It is at once the most predictable and most powerful symbol of life on our planet. If you stare at it for too long you risk going blind. If you fly too close, the stories suggest you will fall from the sky. It is of course the sun. And now it’s at the heart of disruption unlocking innovation in our power industry.
At the turn of the century solar power accounted for just 1GW of total installed capacity globally. By 2017, it is estimated it could account for over 400GW. Solar power is facing an increasingly sunny future right here in Malaysia, with net metering , self-generated power and large-scale solar projects a growing reality across the nation.
This solar explosion is built on the back of innovation towards a technology that is increasingly flexible, and increasingly economically viable. Some analysts suggest that solar will become a cheaper source of power than coal within the next decade. So let’s explore some of the most intriguing innovations that illuminate this sunny period in the power industry.
The new wave of solar goes beyond disruptive innovation to embrace stylish design as part of the energy revolution. Just look at these eye-catching solar roof tiles, an exciting invention being marketed by green energy giants Tesla in the USA.
Such innovations aren’t alone, with building integrated PVs(BIPVS) becoming one of the more exciting spaces in the solar market. Today’s opportunities include everything from solar windows to integrated solar bricks that form the building blocks of your home. By combining the stylish ability for solar panels to blend in to the traditional look of a building, this kind of innovation exemplifies how seamless solar technology can be with the way we live our lives.
Solar offers the ability to generate power using simple and well-established technologies anywhere with access to direct sunlight. That can be a game-changer in life or death situations of disaster and emergency relief.
Innovation emerging from the UK has led to the development of Rapid Roll solar panels that present the perfect opportunity to deliver rapidly deployed solar power to high-risk areas. This instant power can ensure everything from lighting for schools to urgent power required for medical procedures.
Relief agencies are already adopting solar as an important power solution in the event of disasters, with charities such as Luminaid using the simple power of solar lighting and charging as a vital support during emergency situations.
Solar power not only unlocks access to electricity, it can be the catalyst for empowering whole communities. The portable solar kiosk, recently trialled in parts of Africa, offers a platform for microbusiness possibilities that not only helps provide power to communities that lack access, but jobs that provide a catalyst for wider business opportunity.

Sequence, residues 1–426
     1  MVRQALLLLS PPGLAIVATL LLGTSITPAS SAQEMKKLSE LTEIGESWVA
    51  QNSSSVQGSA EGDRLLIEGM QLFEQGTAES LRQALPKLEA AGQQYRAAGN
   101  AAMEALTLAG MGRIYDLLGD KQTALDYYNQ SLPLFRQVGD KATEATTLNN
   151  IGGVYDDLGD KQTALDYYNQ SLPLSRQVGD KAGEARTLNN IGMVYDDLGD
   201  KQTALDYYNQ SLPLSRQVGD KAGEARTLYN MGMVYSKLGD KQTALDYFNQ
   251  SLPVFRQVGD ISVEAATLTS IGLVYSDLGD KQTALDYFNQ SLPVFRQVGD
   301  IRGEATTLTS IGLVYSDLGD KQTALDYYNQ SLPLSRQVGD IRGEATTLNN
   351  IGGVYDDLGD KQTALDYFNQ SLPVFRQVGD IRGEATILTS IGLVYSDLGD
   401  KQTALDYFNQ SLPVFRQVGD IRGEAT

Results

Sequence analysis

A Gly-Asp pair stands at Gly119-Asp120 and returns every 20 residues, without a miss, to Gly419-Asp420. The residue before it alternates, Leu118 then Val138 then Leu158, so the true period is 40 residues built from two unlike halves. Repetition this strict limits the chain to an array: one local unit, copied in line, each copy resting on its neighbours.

Increasingly innovators are adapting these types of technologies to meet local needs in areas they are deployed. Portable solar technology Solar Turtle offered a solar power solution to schools in South Africa. The technology was specifically designed to support education while offering increased security that prevented damage from vandals or thieves from stealing the technology.
In the depths of the Amazon Rainforest, solar power is going further to provide support for sustainable environments. The natural wonder of the Amazon is under constant threat of development for everything from logging to power production. Solar power is increasingly being used as a low impact, local solution to help support rural communities without the need for extensive and damaging infrastructure.
These microgrid solar solutions go further to empower indigenous communities to better guard the sanctity of the rainforest. Solar power enables indigenous nations to actively and easily communicate with the outside world, providing improved safety and increased oversight of any potential threats to their communities or the forests around them.
Our final innovation is a little more future-aspiration than modern day reality. Solar innovation could well be unlocking the automobiles of the future, as solar panels become an increasingly viable technology to power our transportation. The recent World Solar Championship, which takes place in Australia each year, revealed a winning entry which happily transported 5 individuals across 3,000 kilometres utilising just 48 kilowatt-hours of electricity.
With electric vehicle(EV) technology itself providing a huge disruption to the future of automotive transport, the potential to combine solar PV technology with the predicted 260+ million EVs on our roads by 2040 could well be one of the most disruptive changes yet to come.